Apraxia vs Dysarthria
A speech disorder, or an impediment is where the normal speech pattern is affected, and verbal communication is adversely affected, or completely nullified. It may range from stuttering, cluttering, muteness to voice disorders. The causes for these conditions may be cerebral in origin, or of the cerebellum, may be of the muscles or psychological. Here, we will discuss on the site of origin, presentations, and management strategies, which vary and overlap in apraxia and dysarthria.
What is Apraxia?
Apraxia is a disorder of the brain and the nervous system, in which the person is unable to perform tasks and movements even though the auditory input, comprehension of the task, psychological willingness, and learning is all present. This is due to damage to the brain, which may be due to brain tumour, neurodegenerative disease, stroke, head trauma, etc. This may occur in conjunction with aphasia, which is the cerebral incapability to understand (auditory- Wernicke’s area), or to vocalize (motor-Broca’s area). In apraxia, there is difficulty to put word together in the correct order, or to reach for the correct word, or to enunciate longer words, although they can use shorter words put together (“Who are you?”). Also, the writing is better than the speech in these individuals. This is managed through speech and language therapy, occupational therapy and treating depression. This can get complicated with learning problems and social problems.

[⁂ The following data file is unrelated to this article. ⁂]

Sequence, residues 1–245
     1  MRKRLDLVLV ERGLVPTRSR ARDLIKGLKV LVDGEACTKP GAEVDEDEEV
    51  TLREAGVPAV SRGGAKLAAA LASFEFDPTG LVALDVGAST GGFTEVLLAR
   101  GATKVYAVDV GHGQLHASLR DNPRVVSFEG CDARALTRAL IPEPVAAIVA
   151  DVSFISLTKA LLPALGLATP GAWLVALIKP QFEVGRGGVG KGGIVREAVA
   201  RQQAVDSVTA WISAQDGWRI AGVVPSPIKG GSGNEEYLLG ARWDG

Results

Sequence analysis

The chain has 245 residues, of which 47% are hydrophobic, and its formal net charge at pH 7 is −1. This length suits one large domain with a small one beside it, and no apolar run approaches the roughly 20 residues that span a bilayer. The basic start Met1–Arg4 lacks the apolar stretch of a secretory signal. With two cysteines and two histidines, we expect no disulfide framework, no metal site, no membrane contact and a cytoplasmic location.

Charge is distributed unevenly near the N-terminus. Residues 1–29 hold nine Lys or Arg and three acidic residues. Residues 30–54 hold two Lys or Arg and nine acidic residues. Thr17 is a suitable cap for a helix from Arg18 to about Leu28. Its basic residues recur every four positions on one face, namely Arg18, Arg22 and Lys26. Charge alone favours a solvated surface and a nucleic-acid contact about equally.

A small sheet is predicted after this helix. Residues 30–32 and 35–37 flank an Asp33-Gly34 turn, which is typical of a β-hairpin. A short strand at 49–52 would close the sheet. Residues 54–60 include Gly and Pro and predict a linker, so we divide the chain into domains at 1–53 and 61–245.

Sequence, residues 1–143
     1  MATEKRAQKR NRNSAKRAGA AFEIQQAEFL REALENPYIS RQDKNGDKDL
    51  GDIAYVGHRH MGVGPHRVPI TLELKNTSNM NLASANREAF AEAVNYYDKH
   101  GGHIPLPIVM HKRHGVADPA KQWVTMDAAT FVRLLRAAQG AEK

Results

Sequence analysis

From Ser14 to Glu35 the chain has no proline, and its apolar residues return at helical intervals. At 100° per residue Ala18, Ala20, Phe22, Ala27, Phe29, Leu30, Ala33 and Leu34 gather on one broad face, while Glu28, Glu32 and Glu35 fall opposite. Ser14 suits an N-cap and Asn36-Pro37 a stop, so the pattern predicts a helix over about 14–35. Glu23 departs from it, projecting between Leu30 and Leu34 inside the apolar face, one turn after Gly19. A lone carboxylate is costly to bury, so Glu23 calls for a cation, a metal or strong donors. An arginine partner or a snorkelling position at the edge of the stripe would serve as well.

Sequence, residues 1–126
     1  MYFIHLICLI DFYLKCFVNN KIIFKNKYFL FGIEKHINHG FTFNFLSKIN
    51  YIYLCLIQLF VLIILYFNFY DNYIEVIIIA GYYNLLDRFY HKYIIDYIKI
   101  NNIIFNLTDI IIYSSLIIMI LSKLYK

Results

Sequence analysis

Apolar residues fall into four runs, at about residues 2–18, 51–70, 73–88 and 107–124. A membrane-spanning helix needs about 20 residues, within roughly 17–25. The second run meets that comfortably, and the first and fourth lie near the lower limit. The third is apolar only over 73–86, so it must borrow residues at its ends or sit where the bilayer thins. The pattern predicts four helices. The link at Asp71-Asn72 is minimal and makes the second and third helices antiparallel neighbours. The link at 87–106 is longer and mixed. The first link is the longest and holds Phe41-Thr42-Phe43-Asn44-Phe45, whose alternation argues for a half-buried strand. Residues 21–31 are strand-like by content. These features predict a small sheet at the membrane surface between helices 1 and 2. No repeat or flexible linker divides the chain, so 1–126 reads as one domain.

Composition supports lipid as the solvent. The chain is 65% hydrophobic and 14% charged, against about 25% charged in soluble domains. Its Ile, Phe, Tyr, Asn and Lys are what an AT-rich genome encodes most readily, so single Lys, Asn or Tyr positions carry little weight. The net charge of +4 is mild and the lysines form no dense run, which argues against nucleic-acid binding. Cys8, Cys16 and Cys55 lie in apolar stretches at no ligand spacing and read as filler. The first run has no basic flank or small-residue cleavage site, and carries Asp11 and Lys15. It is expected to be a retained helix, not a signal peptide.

What is Dysarthria?
Dysarthria occurs due to in-coordinate muscle actions leading to the difficulty in pronunciation of words. This may occur due to a problem in the brain (tumour, stroke), or due to nerve damage in trauma/surgery to the neck /face, or neuromuscular cause like myasthenia gravis, Parkinson’s disease, multiple sclerosis, etc, or due to an exogenous cause like alcohol intoxication. These individuals, have difficulty in speaking certain words, and it will seem as if they are mumbling, or speaking in a whisper, or speaking in a stuffy/ nasal voice. They are managed with speech and language therapy, also treating associated psychological ailments. They can also use communication assist devices. As a complication, they also can develop aspiration pneumonia.
What’s the difference between Apraxia and Dysarthria?
Both apraxia and dysarthria have a nervous system aetiology and difficulty in communicating. The investigative methods, management strategies, and complications are common in both. Apraxia is of cerebral origin, whereas dysarthria is cerebral/neural/ muscular, or any combination in between. Apraxia is inconsistent, unpredictable, with islands of clear speech. Dysarthria is consistent, predictable and without islands of clear speech. All aspects of speech are affected in dysarthria, but only articulation is affected in apraxia. In dysarthria, there is a change in muscle tone, whereas there is no such change in apraxia. In apraxia, increased speech rate increases the intelligibility, whereas it has the opposing effect in dysarthria. Dyspraxia is associated with aspiration pneumonia as a complication, whereas dysarthria has no such relevance.
These two have to be understood as separate entities, though the results are a bit similar. But a careful investigator would find aspects, which we have described earlier which separate out the two. The management for these two is similar in that the causative mechanisms are irreversible, and only compensatory efforts can be taken.